Earlier this month, a federal court in New York issued an opinion in a burglary and larceny case, ruling on the defendant’s appeal of his motion to suppress. According to the defendant, the lower court had mistakenly denied his motion to suppress physical evidence as well as statements he made to police officers during an encounter in October 2018. The court ended up ruling in the State’s favor, deciding that the evidence should not have been suppressed and that the lower court was indeed correct in its ruling.
Facts of the Case
According to the opinion, early one morning in October 2018, an off-duty officer reported seeing a parked vehicle with one door open and no one in the general vicinity of the car. Two police officers drove to the scene and immediately saw three occupants inside the vehicle. Smelling burnt marijuana, the officers approached the car and asked the occupants what they were doing. The driver responded that they had been smoking marijuana, and the officers asked the occupants to exit the vehicle.
Upon a search of the car, the officers found sledgehammers, pry bars, and a bag of unopened cell phones. Suspicious of the occupants, the officers brought them to the police station for further investigation. The defendant, one of the occupants of the vehicle, was ultimately charged with and convicted of burglary, grand larceny, criminal possession of stolen property, and possession of burglar’s tools.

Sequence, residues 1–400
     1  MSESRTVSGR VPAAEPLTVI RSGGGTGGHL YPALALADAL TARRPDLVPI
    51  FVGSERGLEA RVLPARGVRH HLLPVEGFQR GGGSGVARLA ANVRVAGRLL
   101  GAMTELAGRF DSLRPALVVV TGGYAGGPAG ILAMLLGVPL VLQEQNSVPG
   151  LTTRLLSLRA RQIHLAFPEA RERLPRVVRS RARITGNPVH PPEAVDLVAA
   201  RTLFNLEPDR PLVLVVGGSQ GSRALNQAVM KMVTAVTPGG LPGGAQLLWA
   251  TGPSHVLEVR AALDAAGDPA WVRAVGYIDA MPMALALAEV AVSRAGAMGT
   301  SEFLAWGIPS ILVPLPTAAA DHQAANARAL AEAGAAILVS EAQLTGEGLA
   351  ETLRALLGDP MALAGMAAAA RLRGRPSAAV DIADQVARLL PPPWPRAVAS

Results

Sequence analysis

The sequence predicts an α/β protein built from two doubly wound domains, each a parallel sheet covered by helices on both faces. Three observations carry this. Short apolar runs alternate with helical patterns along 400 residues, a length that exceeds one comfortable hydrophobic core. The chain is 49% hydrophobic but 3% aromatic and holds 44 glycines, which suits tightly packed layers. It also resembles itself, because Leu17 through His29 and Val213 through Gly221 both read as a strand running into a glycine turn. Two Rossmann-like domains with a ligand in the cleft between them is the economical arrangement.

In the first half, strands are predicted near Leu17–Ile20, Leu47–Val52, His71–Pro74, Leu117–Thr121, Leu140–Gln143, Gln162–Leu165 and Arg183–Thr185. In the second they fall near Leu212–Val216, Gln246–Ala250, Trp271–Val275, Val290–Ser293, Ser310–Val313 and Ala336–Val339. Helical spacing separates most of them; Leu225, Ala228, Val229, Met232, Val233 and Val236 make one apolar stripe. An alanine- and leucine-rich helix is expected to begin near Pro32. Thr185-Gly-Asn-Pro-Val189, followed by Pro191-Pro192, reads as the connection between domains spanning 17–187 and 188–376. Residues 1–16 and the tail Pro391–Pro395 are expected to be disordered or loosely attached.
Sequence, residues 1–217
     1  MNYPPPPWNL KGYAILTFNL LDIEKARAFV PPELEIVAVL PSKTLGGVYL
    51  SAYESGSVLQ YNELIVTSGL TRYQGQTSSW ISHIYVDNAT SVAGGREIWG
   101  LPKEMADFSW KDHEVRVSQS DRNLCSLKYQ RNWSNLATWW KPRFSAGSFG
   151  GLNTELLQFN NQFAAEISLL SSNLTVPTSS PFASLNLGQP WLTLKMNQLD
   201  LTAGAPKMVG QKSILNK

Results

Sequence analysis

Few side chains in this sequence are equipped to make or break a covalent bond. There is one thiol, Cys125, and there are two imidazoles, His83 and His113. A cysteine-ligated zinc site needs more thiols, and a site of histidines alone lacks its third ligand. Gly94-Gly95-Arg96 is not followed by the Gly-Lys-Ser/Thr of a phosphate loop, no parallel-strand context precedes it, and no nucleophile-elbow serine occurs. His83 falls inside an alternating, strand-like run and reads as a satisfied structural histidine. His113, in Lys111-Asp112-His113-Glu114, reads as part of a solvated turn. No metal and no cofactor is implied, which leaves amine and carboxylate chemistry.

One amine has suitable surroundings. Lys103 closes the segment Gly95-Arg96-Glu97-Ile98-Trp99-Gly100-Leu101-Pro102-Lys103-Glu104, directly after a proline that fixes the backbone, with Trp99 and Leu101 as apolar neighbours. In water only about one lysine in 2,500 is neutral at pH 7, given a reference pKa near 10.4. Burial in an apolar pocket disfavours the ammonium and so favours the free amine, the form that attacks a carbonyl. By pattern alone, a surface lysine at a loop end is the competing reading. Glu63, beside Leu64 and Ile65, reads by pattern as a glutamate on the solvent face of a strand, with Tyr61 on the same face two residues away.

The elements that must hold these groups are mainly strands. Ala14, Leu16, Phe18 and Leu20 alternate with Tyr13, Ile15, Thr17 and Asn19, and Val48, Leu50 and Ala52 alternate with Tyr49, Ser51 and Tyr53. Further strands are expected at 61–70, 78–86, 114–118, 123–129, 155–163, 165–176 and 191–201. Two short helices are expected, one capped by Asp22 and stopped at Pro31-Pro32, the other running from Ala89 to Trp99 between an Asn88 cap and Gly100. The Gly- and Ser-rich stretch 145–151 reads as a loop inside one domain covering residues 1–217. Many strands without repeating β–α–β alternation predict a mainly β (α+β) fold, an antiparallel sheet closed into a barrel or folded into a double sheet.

The defendant filed a motion to suppress, asking the court to exclude both the physical evidence and any incriminating statements to police officers. The defendant’s motion revolved around his argument that the officers did not have reasonable suspicion to approach the vehicle and investigate the situation. The occupants had done nothing that could lead officers to believe there was criminal activity afoot; thus, the search of the vehicle and the conversations that occurred were unwarranted.
The court considered the defendant’s argument but ultimately rejected it. Given the off-duty officer’s call, said the court, the officers had reason to suspect something unusual was happening in or around the car. In addition, the law in 2018 stated that if an officer smelled marijuana coming from a car, that officer did have reason to investigate by searching the vehicle. Lastly, the driver’s statement about smoking marijuana justified the police conduct in asking the occupants to exit the car.
Given these facts, the officers’ behavior was appropriate in the situation. Because there were no issues in the officers’ conduct, said the court, the motion to suppress evidence was correctly denied.
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